These include the Charleston (The Next Generation‘s “The Neutral Zone”), the Repulse (“The Child”), the Zhukov (“Hollow Pursuits”), the Exeter (“Chain of Command”), the Odyssey (Deep Space Nine‘s “The Jem’Hadar”), the Venture (“The Way of the Warrior”), the Tecumseh (“Nor the Battle to the Strong”), the Fredrickson (Voyager‘s “Relativity”), the Challenger (“Endgame”), the Archer (Star Trek: Nemesis—named after Star Trek: Enterprise‘s Jonathan Archer), and even the Leeds, which appeared in Deep Space Nine‘s opening credits beginning with season four. Those who collect the starship models from Eaglemoss and Master Replicas will likely recognize several of these.

A joy for starship fans… a research nightmare for obsessive-compulsive column writers.

It’s good to be back in the space-saddle, especially since I recently signed a contract to explore this column’s subject matter in an upcoming book from BearManor Media. In the next installment, we’ll look back at another IDW multi-franchise crossover, Star Trek vs. Transformers, which saw the Hasbro franchise’s vehicular-morphing Autobots and Decepticons meeting the cast of the 1970s’ Star Trek: The Animated Series. Ridiculous, you say? Well, sure, yeah—but also surprisingly fun. See you then.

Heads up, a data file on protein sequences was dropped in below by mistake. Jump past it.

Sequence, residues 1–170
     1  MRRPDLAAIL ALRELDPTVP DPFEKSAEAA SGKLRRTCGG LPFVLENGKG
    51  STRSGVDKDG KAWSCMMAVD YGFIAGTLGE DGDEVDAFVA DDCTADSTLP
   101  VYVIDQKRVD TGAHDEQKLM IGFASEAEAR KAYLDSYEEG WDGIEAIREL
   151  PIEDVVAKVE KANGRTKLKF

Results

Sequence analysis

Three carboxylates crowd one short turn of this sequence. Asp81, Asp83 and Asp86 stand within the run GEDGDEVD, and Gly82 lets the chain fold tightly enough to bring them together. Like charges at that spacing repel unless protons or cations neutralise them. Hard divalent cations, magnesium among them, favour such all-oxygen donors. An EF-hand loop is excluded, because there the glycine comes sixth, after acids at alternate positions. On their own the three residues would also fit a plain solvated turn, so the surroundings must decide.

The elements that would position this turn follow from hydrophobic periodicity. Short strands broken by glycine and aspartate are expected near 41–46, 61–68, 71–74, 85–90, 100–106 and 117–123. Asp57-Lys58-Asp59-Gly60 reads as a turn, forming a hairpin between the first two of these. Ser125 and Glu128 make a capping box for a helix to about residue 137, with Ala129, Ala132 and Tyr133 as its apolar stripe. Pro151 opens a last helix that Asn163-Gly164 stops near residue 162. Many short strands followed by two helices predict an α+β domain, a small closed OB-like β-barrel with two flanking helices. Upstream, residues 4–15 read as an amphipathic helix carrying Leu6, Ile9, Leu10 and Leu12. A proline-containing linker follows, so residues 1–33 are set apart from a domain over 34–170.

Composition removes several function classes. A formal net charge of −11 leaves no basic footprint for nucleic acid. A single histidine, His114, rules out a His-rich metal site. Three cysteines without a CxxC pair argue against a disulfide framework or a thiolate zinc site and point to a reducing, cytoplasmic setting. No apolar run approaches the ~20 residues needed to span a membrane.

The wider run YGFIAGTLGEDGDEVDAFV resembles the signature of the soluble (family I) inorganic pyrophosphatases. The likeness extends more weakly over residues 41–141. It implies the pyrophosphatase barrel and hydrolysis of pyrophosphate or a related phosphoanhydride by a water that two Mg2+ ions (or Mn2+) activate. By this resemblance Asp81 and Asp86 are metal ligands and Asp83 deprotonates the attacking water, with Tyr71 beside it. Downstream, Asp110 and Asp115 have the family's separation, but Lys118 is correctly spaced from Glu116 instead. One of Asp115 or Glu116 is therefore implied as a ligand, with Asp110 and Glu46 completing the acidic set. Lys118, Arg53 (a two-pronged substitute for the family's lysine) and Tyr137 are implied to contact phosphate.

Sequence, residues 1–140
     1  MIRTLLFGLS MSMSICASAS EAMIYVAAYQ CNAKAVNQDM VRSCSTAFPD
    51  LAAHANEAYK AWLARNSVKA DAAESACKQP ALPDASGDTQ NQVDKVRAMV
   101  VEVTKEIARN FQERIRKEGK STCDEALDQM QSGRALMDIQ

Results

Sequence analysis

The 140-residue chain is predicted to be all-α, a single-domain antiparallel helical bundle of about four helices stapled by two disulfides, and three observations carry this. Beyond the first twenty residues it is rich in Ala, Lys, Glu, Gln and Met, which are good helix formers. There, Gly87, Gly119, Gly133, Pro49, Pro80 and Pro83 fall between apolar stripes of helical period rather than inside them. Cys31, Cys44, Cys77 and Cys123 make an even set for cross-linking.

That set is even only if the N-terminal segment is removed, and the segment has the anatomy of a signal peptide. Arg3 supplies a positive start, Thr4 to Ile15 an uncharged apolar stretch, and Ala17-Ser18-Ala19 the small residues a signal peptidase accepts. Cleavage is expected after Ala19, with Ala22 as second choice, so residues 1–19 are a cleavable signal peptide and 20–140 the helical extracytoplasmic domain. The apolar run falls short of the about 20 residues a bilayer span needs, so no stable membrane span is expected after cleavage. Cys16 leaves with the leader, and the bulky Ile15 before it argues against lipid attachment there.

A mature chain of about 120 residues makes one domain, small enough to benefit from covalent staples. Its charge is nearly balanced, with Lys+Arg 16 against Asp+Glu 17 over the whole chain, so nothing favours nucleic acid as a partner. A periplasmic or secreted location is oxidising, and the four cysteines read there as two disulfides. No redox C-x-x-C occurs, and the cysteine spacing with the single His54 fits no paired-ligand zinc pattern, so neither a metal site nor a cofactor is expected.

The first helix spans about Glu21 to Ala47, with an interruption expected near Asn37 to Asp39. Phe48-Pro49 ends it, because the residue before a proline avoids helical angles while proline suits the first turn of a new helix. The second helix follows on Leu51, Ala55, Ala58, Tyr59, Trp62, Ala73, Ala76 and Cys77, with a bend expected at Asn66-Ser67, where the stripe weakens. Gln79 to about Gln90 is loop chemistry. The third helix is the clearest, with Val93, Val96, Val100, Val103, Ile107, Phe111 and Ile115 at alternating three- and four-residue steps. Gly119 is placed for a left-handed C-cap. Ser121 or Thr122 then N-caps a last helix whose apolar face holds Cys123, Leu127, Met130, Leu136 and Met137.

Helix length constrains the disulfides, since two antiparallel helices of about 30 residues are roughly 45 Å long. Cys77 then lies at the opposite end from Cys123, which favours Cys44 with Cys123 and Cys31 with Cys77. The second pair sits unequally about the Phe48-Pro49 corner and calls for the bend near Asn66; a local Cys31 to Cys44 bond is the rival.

Looking for more information about Star Trek comics? Check out these resources:

Rich Handley has written, co-written, co-edited, or contributed to dozens of books, both fiction and non-fiction, about Planet of the Apes, Watchmen, Back to the Future, Star Trek, Star Wars, Battlestar Galactica, Hellblazer, Swamp Thing, Stargate, Dark Shadows, The X-Files, Twin Peaks, Red Dwarf, Blade Runner, Doctor Who, Buffy the Vampire Slayer, Batman, the Joker, classic monsters, and more. He has also been a magazine writer and editor for nearly three decades. Rich edited Eaglemoss’s Star Trek Graphic Novel Collection, and he currently writes articles for Titan’s Star Trek Explorer magazine, as well as books for an as-yet-unannounced role-playing game. Learn more about Rich and his work at richhandley.com.